CCP has started what they allude to as a ‘shortage phase’ in a recent dev blog aimed at “endeavoring towards a healthier mineral distribution through New Eden”—though it is, in a very real way, the beginning of a planned and intentional starvation economy.
To be clear, for those who haven’t been keeping up with the news of New Eden, this is only one of a series of changes in CCP’s self-declared Chaos Era—a new approach from the development teams characterized by abrupt and significant changes to the landscape or core elements of EVE. This has, so far, included new A.I. attacks on players and selective blackout of the local chat service through null security space to name two of the larger strokes. The latest manifestation is an aggressive, forced redistribution of ores and minerals in New Eden, including those found within moons.
Please also note that this falls very firmly into the category of an opinion piece, though I have done my best to declare my voice where I find it relevant and to otherwise strive for objectivity. I’ve rewritten this article three five times trying to make this as complete and objective an article as I can, and in this spirit I’ve broken the article into three subheadings covering:
- The changes themselves
- CCP’s stated and potential objectives
- Likely outcome(s)
If you don’t care about the numbers because you’re not a miner or an economist, please feel free to skip to whatever heading most piques your interest.
Starving the Care Bears
I’ll jump straight into the numbers and the major talking points. Since December 17th New Eden has seen the following changes to ore distributions, in sum:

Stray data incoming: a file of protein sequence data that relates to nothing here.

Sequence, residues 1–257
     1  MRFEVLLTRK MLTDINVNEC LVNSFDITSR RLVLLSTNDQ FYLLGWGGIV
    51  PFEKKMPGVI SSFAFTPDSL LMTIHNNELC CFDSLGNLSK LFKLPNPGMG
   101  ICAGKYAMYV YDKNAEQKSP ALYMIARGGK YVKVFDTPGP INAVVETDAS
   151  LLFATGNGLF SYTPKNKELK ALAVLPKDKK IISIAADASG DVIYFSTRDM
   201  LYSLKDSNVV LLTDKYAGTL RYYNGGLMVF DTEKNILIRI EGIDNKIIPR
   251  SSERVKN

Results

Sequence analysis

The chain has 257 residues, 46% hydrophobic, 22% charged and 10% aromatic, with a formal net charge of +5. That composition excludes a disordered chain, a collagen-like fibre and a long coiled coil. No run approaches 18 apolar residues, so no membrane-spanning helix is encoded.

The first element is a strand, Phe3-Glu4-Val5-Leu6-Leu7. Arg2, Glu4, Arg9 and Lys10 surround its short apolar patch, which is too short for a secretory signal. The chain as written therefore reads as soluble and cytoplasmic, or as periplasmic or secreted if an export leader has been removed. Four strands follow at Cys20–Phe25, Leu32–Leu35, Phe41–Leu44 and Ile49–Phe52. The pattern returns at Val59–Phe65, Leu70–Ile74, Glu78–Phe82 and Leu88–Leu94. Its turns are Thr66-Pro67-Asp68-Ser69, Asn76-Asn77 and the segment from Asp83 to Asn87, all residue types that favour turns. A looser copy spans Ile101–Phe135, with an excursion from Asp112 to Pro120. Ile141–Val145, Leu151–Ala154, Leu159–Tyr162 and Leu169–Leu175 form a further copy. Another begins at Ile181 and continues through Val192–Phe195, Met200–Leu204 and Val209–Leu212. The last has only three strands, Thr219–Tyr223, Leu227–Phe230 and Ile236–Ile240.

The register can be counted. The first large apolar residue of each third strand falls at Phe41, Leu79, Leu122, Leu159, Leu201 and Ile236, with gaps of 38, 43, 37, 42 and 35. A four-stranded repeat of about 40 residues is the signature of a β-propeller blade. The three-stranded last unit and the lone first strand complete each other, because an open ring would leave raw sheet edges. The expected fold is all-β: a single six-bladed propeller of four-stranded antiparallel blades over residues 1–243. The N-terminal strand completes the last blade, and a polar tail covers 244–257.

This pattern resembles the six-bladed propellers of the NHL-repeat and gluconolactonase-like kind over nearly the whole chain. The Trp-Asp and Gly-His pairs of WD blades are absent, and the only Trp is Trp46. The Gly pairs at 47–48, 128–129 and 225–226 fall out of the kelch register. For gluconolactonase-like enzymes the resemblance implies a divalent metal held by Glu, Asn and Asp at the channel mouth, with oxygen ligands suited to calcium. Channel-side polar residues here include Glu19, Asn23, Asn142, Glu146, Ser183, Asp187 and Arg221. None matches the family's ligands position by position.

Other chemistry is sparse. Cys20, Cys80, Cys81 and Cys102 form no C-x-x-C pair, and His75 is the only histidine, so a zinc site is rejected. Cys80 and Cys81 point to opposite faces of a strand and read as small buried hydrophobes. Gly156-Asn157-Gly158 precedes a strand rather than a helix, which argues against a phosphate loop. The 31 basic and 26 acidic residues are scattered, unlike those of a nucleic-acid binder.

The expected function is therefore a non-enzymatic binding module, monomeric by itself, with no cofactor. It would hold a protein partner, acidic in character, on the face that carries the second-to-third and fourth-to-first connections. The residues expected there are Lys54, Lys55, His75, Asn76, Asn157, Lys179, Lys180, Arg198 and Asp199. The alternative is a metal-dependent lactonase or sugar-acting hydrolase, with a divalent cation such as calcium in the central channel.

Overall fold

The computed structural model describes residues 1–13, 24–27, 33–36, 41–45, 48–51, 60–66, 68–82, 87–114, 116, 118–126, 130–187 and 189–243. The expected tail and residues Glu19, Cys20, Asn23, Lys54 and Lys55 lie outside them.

- The complete removal of Veldspar and Spodumain from null sec asteroid belts
- A massive thinning of the ore spawns in null sec ore anomalies
- – 33% ore spawn in large asteroid cluster (linked avg. quantities are pre-change)
- – 50% ore spawn in enormous asteroid cluster
- -66% ore spawn in colossal asteroid cluster
- All three see Crokite replaced with Kernite
- Percentages of Gneiss, Ochre, and Spodumain reduced in all
- Re-spawn timers for null sec ore anomalies have been increased:
- 1 hour for small asteroid clusters (was 20 minutes)
- 2 hours for medium asteroid clusters (was 1 hour)
- 3 hours for large asteroid clusters (was 2 hours)
- Ore distribution changes in asteroid belts in all regions:
- Null sec will see more Bistot, but less of nearly everything else
- Low sec will see less of nearly every asteroid ore
- High sec will see less Pyroxeres, Omber, and Kernite
The above represent a depletion of ores in areas of sovereign null sec of up to 90%, with pre- to post-change ore quantities sloping downwards harder than the 2020 Oscars television ratings.
Prior to the changes a large asteroid cluster spawned in sov null would have an expected total output of between 4.9 and 5.4 billion ISK gross sell value, sometimes higher; often much more after reprocessing. As of the change, the median value of the lot has fallen to an average just above 1.1 billion ISK sell value, and that’s being conservative.
Here are three recent scans of a small, medium, and large asteroid cluster taken in Delve (left-to-right, click to enlarge):
With the gross reductions in the ore quantities for large, enormous, and colossal asteroid clusters and the longer re-spawn windows, in many cases it actually may very well be more lucrative for alliances to focus on hitting the colossals as a joint effort when they spawn and playing the re-spawn timers to effect while flipping back and forth between medium and large spawns to keep the median value of extracted ore at ~1 billion ISK per system per hour approximate constant output.
(The only way to raise this output being to have enough miners going at once that you clear the whole system in sweeps and hold timed fleets to run the next sweep.)